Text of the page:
Blockchain in 2018: 5 Things to Watch

By Shelly Hod Moyal

What we’re witnessing with the emergence of blockchain, is very similar to what we saw during the early stages of the internet. There was a lot of hype in the beginning but the internet’s real impact on our lives didn’t fully start to materialise until roughly 20 years later.

So where should investors be casting an eye in 2018?

1. Most importantly, people sometimes don’t realize but the blockchain doesn’t fully work yet for real world applications as the nuts and bolts aren’t fully in place. For example, real world companies that process millions of transactions with millions of users can’t currently run on the blockchain in its current state, as the technology is too slow and costly to do so. For example, Ethereum can process 15 transactions per second whereas Visa processes 45,000. So technologies that enable the blockchain to be faster and more scalable are appealing. We’ve invested in several protocols that have built their own blockchain (e.g Cardano and Neo) as well as networks that enhance the performance of existing blockchains (e.g Raiden). As we see that the tech requirements (security, speed, privacy) for each business case are different, we believe several blockchains will be adopted for different use cases. Therefore technologies enabling blockchains to connect with each other (e.g Aion and Icon) will play a key role in the future of the industry. As blockchains serve as the enabling platforms, they will benefit from any adoption at the application layer. For these reasons, ‘blockchain infrastructure’ is the most interesting area in which to invest at the moment.

2. From a geographic perspective, eyes should be on China. Yes, there is a lot of uncertainty around the regulatory framework, but if we look historically at how China dealt with the emergence of the internet and social media, it’s more likely that China will cooperate with local blockchain networks in order to take part in the economic opportunity they could bring. So instead of an outright ban, the likely scenario would be that the industry will have to comply with Chinese regulations just as Baidu, Alibaba and Tencent have over the years. And given the size of the Chinese economy and the scale of the opportunity with, Tencent (being the most valuable internet company in the world) and Alibaba (way up there as well), there is a lot of upside potential in China, certainly on a relative value basis. We’ve made several investments in this theme, searching for a Chinese counterpart to some of the more established platforms created in the West such as, Neo (like Ethereum), Wanchain (like Ripple), IOT Chain (like IOTA) and others.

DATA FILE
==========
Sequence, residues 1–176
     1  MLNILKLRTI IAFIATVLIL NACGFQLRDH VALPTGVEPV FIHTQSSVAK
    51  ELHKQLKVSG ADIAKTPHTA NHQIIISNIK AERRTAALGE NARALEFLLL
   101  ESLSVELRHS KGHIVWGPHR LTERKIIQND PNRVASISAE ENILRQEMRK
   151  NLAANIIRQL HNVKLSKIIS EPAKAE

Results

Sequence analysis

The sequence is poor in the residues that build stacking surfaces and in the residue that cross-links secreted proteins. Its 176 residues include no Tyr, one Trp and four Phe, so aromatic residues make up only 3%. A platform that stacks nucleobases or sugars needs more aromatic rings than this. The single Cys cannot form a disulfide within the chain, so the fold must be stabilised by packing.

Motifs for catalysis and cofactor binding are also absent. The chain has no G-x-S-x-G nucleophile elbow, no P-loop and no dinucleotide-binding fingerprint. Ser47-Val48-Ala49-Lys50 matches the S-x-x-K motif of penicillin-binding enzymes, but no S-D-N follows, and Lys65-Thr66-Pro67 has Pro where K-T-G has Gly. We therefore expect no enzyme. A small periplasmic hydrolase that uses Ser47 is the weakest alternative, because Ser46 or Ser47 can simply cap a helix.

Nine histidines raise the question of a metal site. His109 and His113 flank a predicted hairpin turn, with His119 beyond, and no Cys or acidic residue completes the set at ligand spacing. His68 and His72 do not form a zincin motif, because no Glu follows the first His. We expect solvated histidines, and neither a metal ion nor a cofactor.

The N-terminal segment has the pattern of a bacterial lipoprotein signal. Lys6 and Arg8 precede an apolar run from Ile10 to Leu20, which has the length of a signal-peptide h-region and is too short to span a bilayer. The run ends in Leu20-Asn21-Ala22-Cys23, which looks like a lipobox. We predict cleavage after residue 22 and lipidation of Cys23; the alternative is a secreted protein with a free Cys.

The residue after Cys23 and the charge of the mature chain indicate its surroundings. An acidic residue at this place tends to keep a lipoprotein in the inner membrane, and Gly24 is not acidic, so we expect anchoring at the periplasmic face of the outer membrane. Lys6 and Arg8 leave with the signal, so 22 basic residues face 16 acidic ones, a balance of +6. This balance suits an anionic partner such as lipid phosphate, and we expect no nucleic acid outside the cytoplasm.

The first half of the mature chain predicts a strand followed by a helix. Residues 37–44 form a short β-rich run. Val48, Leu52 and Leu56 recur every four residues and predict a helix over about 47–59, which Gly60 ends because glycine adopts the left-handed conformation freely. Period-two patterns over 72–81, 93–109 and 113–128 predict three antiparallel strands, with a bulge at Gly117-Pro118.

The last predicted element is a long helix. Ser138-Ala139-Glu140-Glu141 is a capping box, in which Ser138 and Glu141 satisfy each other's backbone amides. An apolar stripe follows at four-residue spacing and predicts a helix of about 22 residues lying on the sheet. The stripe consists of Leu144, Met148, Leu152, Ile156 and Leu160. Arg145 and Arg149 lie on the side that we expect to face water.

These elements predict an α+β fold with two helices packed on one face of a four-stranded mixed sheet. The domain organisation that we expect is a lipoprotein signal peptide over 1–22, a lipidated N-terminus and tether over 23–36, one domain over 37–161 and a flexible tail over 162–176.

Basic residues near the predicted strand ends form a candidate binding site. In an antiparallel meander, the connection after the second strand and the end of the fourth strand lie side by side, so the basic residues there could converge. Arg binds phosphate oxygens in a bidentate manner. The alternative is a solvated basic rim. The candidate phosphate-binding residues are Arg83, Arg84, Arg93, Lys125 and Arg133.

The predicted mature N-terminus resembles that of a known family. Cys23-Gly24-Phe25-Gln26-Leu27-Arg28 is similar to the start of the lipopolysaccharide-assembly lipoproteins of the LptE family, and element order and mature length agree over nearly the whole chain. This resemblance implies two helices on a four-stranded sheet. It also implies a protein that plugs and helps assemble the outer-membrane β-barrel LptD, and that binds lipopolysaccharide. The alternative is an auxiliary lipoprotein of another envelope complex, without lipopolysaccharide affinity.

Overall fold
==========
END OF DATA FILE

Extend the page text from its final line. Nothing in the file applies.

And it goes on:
3. The tokenization of assets, equity, limited partner interests and other securities will be a very interesting theme over the coming years. I believe that in the long term, the majority of tokens will disappear, leaving a select few that will be used for most blockchain applications. Just as we see in the fiat world, there are only a handful of really strong currencies. However, tokenization as a means to distribute a stake in a venture will gain popularity whether it be equity or LP interests. This will be applicable to any kind of venture, not just limited to ventures with money like features that require a blockchain. As this technology develops into the future, people will no longer want to lock up their funds in any given investment as it will be possible to create liquidity throughout the lifecycle of the company/partnership/network. Liquidity providers will include regulated exchanges like Quoine and Tzero for “security-like” tokens. We are already seeing innovators in this space. Recently, VC backed Kairos created a token distribution which includes both security and utility tokens and Spice VC is creating a platform allowing VCs and PEs to create tokenized funds.

4. While we believe it is still relatively early to focus on the application layer of blockchain, we are making select investments in businesses that have decided to transition to a blockchain based business model that have pre-existing customers and revenues. Our investments so far in this space include Kin, Props and Bread. All of these businesses have entrepreneurs with business experience and assets they’ve built over the years, which in our opinion gives them a significant advantage in the industry and a real shot in generating initial adoption at the application layer. In terms of applications that make a lot of sense for blockchain, they include – social networks, sharing economies and mainstream access to blockchain assets.

5. In an economy where we’ll see many networks with many tokens, marketplaces that allow people to access, use and convert their value are really important. Any blockchain application will ultimately need to integrate exchange functionality in order to allow people to meet their value. This is why we’ve invested in several exchanges (Binance, QASH, 0x, Kyber) and are looking forward to seeing their partnerships and developments reach fruition in 2018.

Turning insight into action, I believe that the best approach to investing in the industry in its current state, with all the uncertainties around regulation and the future, is to build a diversified portfolio of infrastructure companies with a heavy weighting towards tokens that are positioned to be winners even after a crash, (e.g Ethereum). This is not investment advice and does not take into consideration your personal circumstances.

If you enjoyed this read, please feel free to share